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So ive got this big-ass collection right? Its tree-backed(RBTree), so look-ups are fast, and the values are sorted.

Say ive got value X. I can look up X in my tree in logn time, cool. But I want the values to the right of X in the tree as well, until one of them dosent satisfy a test. Ie, get all elements that are >= X and < Y

I could get the index of X, i, then get the value at i+1, i+2.... until val(i+z) is > Y. Except that costs z * logn. If you enumerate over the tree, the enumerator inside the tree doesnt cost logn to proceed to the next element - it just follows a pointer in the tree.

So, is there a way to start enumerating from a specific index? Such that I dont have to skip over i elements before i can start enumerating over the range I want.

Tell me if you think im crazy.

share|improve this question
up vote 3 down vote accepted

Well, if you put the elements of your collection in there yourself, and you don't mind sorting them before insertion, you could wrap them with a linked list type. Just make sure the key for the linked list item wrapper for each element uses the element's key as its key for the tree sort. Then a lookup would get you a location in the linked list, and you could just walk it from there.

However, if you can't do it that way, your only recourse is to modify RBTree, which would require a little work in C, since it is a native extension to ruby. Most of the pieces that you need are there already dict_lookup() to give you the node in the tree you need, and rbtree_for_each() to show you how to write an iterator, given a start node.

You'd have to add the following code to rbtree.c in the RBTree gem:

*** rbtree.c.orig 2009-03-27 14:14:55.000000000 -0400
--- rbtree.c  2009-03-27 14:20:21.000000000 -0400
*** 528,533 ****
--- 528,574 ----
      return EACH_NEXT;

+ static VALUE
+ rbtree_each_starting_with_body(rbtree_each_arg_t* arg)
+ {
+     VALUE self = arg->self;
+     dict_t* dict = DICT(self);
+     dnode_t* node;
+     ITER_LEV(self)++;
+     for (node = (dnode_t*) arg->arg;
+          node != NULL;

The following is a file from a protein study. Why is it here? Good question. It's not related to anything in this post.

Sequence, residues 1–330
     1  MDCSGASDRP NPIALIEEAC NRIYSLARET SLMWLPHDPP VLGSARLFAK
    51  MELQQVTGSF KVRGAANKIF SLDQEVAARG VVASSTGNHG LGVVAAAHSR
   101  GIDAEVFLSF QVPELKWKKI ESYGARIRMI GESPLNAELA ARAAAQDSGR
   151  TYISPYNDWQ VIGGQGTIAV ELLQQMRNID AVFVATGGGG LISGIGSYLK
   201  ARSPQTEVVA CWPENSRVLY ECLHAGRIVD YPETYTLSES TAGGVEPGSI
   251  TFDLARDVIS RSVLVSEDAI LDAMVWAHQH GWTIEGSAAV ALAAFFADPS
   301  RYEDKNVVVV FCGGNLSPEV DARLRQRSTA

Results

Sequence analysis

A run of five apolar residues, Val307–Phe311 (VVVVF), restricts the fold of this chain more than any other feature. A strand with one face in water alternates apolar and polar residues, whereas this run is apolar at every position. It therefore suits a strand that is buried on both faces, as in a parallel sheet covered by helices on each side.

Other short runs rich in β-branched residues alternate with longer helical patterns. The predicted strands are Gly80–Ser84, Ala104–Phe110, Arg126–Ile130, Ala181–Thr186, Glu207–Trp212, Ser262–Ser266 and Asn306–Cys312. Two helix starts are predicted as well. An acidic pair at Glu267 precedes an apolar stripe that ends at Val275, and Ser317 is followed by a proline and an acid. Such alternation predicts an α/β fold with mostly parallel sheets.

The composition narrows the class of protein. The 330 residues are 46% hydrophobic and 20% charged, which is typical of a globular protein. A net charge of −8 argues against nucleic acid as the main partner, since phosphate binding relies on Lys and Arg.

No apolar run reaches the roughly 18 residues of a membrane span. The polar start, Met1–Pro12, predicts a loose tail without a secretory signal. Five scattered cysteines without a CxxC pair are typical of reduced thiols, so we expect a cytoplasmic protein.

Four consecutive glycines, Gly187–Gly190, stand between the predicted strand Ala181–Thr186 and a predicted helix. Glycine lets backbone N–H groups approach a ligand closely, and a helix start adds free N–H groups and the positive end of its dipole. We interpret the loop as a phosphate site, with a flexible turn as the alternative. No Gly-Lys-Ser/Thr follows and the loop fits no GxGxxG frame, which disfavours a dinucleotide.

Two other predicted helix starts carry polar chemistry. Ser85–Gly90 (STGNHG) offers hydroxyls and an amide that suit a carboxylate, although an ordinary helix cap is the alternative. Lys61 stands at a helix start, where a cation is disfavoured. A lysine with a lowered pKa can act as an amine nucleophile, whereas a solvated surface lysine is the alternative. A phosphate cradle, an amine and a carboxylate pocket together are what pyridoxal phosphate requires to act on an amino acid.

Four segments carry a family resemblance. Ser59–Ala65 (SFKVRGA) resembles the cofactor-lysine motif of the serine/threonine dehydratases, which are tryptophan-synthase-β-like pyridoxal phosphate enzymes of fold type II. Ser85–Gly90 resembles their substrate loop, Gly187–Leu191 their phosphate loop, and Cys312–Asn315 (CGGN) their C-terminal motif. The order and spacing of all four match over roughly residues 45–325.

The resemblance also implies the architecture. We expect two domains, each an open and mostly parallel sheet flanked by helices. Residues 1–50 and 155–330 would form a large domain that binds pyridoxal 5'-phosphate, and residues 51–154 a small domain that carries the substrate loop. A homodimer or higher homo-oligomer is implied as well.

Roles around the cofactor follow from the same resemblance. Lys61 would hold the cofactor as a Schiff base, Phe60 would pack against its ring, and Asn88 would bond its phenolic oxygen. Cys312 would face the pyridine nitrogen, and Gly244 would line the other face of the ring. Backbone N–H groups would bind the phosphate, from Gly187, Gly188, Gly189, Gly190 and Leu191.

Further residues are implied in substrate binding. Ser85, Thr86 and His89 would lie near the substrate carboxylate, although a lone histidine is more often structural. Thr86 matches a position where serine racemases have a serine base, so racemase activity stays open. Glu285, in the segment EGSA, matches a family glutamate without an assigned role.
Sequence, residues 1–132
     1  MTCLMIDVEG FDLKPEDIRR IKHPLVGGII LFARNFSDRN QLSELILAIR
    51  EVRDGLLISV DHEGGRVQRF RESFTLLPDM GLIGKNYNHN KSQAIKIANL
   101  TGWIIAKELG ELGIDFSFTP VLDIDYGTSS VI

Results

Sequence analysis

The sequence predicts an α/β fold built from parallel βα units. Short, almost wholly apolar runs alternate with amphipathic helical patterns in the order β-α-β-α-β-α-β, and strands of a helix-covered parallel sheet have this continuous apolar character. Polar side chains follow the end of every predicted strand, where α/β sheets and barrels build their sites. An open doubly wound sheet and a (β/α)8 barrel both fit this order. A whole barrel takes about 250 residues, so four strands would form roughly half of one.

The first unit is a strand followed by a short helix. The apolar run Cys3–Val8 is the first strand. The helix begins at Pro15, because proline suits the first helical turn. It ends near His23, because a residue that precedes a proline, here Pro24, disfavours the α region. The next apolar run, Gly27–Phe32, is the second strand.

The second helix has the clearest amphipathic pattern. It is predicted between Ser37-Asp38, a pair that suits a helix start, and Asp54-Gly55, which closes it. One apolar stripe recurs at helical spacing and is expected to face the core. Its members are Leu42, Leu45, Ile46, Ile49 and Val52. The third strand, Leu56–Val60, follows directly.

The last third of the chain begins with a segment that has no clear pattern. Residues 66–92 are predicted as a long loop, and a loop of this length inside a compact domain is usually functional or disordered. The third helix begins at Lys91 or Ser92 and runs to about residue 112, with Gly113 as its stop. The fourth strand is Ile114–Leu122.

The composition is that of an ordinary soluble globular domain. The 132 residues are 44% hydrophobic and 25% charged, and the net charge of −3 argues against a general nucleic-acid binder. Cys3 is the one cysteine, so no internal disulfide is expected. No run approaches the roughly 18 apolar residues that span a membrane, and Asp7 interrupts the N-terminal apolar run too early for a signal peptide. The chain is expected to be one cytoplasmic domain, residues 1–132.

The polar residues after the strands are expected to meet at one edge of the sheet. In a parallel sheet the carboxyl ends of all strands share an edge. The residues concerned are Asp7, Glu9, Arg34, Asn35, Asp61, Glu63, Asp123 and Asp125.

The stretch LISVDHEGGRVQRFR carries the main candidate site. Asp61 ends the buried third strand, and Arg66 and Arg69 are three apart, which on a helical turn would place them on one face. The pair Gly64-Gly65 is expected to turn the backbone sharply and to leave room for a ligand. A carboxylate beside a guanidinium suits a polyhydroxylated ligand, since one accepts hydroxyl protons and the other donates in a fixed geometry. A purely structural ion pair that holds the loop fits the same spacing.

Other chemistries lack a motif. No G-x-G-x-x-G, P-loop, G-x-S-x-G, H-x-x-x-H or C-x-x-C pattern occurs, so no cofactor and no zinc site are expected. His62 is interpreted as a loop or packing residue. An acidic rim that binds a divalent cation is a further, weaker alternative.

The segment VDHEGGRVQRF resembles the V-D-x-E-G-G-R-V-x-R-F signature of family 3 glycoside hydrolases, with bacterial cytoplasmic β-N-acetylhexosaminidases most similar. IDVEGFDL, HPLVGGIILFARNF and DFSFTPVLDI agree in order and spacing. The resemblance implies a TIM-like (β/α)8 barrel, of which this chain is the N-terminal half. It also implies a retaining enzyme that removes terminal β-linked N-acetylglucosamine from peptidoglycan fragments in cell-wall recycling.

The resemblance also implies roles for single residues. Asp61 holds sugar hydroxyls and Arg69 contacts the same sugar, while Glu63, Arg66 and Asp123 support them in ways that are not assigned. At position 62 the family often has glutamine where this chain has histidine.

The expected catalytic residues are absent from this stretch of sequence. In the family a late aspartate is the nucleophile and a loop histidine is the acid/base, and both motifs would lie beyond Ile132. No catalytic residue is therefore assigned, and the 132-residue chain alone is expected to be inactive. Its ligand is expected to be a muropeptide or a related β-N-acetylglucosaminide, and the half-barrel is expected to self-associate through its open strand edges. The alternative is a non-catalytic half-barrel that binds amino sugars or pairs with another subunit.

+          node = dict_next(dict, node)) {
+         if (arg->func(node, NULL) == EACH_STOP)
+             break;
+     }
+     return self;
+ }
+ /*
+  * call-seq:
+  *   rbtree.each_starting_with(key) {|key, value| block} => rbtree
+  *
+  * Calls block once for each key in order, starting with the given key,
+  * passing the key and value as a two-element array parameters.
+  */
+ rbtree_each_starting_with(VALUE self, VALUE key)
+ {
+     dnode_t* node = dict_lookup(DICT(self), TO_KEY(key));
+     rbtree_each_arg_t each_arg;
+     if (node == NULL) { return self; };
+     each_arg.self = self;
+     each_arg.func = each_i;
+     each_arg.arg = node;
+     return rb_ensure(rbtree_each_starting_with_body, (VALUE)&each_arg,
+                      rbtree_each_ensure, self);
+ }
   * call-seq:
   *   rbtree.each {|key, value| block} => rbtree
*** 1616,1621 ****
--- 1657,1663 ----
      rb_define_method(MultiRBTree, "length", rbtree_size, 0);

      rb_define_method(MultiRBTree, "each", rbtree_each, 0);
+     rb_define_method(MultiRBTree, "each_starting_with", rbtree_each_starting_with, 1);
      rb_define_method(MultiRBTree, "each_value", rbtree_each_value, 0);
      rb_define_method(MultiRBTree, "each_key", rbtree_each_key, 0);
      rb_define_method(MultiRBTree, "each_pair", rbtree_each_pair, 0);

Then if you run make in the source directory of the installed rbtree gem, it should remake the extension, and you can use it as normal:

% irb
irb> require 'rubygems'
=> true
irb> require 'rbtree'
=> true
irb> x = RBTree[ 'a', 1, 'b', 2, 'c', 3, 'd', 4 ]
=> #<RBTree: {"a"=>1, "b"=>2, "c"=>3, "d"=>4}, default=nil, cmp_proc=nil>
irb> x.each { |k,v| p [k, v] }
["a", 1]
["b", 2]
["c", 3]
["d", 4]
=> #<RBTree: {"a"=>1, "b"=>2, "c"=>3, "d"=>4}, default=nil, cmp_proc=nil>
irb> x.each_starting_with('b') { |k,v| p [k, v] }
["b", 2]
["c", 3]
["d", 4]
=> #<RBTree: {"a"=>1, "b"=>2, "c"=>3, "d"=>4}, default=nil, cmp_proc=nil>

Just remember that you've made this change, and distribute the modified gem with your changes. Or, hey, submit them to the gem creator on Rubyforge, so that everyone can take advantage of them.

share|improve this answer
Mate, you are a legend. I had in my head that I might have to modify RBTree, but ive never done a ruby C extension before - but your answer gives me a great place to start! – dalyons Mar 30 '09 at 22:07

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